In an effort to make its traditional case studies and management guides more relatable to a visually-driven generation of students, the organization has begun adapting some texts in the style of manga, the hugely popular Japanese comics.
Graphic cases remain a “really tiny” fraction of overall case study sales, says Maureen Betses, vice president of higher education at Harvard Business Publishing, and they’re not expected to become a major revenue source anytime soon. But they are growing in popularity.
Robert Austin, a former HBS professor and current faculty member at the Copenhagen Business School, released his first comic in summer 2009, a graphic novel depicting an IT security crisis at an online retailer. It sold about 7,000 copies last year, Betses says, after taking a few years to gain traction. A case is considered to be doing “pretty well” if it sustains annual sales of 5,000 copies.
The newest of HBS’s four graphic novel cases is a visual version of “Apple’s Core,” a classic study by HBS entrepreneurial management professor Noam Wasserman that tells the story of how Steve Jobs and Steve Wozniak founded the famous computer company.
That one was the brainchild of Thomas Alexander, who about three years ago tested a graphic version of another case with his students at the Asian Institute of Management in Manila. He wanted to give an assignment they would actually do, and a 50-page, jargon-heavy case wasn’t going to cut it. After assigning the more visual version, class attendance topped 90% on discussion day.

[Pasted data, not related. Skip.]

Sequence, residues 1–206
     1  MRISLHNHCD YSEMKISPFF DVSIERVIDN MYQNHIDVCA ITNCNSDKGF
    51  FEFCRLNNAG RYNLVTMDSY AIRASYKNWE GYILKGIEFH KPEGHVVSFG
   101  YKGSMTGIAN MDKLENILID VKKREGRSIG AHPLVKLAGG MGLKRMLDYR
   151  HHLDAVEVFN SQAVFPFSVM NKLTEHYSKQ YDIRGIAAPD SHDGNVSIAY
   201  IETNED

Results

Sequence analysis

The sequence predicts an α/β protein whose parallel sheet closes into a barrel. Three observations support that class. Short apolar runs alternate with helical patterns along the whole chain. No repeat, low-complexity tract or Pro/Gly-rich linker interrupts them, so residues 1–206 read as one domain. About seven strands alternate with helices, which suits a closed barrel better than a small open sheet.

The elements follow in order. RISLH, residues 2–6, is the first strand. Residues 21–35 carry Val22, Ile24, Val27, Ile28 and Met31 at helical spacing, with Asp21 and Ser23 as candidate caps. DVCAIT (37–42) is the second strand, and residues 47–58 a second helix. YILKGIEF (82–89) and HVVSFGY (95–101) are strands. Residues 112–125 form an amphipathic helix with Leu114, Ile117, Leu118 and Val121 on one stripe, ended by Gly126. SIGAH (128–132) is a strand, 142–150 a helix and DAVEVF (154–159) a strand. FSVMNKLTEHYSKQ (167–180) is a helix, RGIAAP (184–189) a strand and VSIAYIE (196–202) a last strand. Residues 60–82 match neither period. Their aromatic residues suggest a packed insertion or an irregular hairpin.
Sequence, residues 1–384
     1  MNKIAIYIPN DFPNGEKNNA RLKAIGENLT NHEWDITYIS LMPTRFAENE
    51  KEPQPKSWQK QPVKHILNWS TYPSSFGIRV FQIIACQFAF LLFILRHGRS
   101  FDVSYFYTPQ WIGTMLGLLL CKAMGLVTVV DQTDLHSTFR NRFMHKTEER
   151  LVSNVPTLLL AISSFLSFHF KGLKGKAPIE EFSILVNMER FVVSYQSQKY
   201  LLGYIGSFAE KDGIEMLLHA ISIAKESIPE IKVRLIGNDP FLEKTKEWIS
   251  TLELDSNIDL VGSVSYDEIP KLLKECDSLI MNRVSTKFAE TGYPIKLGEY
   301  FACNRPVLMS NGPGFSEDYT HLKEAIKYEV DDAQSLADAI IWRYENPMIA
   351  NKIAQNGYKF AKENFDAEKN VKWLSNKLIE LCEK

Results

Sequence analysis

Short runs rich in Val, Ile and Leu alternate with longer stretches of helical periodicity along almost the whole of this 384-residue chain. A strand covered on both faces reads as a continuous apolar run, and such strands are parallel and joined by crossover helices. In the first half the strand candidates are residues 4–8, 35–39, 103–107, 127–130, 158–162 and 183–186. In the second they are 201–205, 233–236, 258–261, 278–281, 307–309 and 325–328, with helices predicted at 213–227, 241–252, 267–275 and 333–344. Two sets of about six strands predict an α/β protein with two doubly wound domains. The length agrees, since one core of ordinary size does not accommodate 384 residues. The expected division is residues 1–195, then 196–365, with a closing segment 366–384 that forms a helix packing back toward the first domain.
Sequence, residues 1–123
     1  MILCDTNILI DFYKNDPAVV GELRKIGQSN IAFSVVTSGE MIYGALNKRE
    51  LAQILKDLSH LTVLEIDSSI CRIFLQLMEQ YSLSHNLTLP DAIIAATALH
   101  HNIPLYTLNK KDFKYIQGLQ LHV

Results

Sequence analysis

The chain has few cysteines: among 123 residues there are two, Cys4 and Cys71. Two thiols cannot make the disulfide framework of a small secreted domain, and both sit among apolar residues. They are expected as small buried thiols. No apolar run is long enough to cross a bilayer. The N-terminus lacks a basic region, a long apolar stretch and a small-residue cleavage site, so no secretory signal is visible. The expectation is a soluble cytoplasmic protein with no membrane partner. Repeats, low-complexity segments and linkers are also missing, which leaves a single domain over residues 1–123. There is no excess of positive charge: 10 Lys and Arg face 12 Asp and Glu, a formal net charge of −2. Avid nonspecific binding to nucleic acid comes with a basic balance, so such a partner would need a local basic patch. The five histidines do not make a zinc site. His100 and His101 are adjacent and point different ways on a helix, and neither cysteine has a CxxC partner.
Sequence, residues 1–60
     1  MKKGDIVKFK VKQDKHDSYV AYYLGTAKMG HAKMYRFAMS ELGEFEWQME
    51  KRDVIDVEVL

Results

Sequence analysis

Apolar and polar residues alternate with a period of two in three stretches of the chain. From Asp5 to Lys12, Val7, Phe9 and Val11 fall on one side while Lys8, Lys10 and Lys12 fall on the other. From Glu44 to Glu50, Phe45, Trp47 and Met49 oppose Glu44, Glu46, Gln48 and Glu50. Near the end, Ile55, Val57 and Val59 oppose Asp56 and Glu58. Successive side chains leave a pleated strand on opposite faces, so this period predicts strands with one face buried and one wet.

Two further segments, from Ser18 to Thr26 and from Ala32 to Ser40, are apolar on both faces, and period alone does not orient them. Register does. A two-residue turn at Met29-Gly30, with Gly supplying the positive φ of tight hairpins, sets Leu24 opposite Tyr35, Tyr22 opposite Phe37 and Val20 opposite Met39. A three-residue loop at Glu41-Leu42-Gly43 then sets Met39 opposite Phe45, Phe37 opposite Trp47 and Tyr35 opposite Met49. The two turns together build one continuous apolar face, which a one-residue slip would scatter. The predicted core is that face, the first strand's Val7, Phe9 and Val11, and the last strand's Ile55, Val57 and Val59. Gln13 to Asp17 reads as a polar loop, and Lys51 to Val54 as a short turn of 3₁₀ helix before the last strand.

Alexander was also teaching the Apple case at the time, and figured the origin story could easily be told in graphic form. (After all, the Bible was already available in a manga adaptation.)
He got Wasserman’s blessing, wrote a script, and partnered with a Filipino graphic artist to illustrate the story.
Wasserman says the new version lets students relate to the characters more deeply, adding a “visceral” element to the analytical side of the case-study exercise. It also makes the story more accessible for those who aren’t native English speakers. For example, it’s easy to show Wozniak looking dejected and betrayed in just one frame, whereas it might take a few sentences to get the same point across in text form.
Wasserman continues to use the text version of “Apple’s Core” in his HBS class, but offers the visual version as a supplement. When he left a stack on his desk during his most recent class, he says, “they all disappeared.”
Still, it has only sold about 30 copies outside HBS in its first semester available to the public. Betses says some professors may be concerned that a picture book is nothing more than a junior-varsity version of a case study. Wasserman and Alexander insist that it’s not a “light” version of the original, just a more visual one.
Below, six frames from “Apple’s Core.”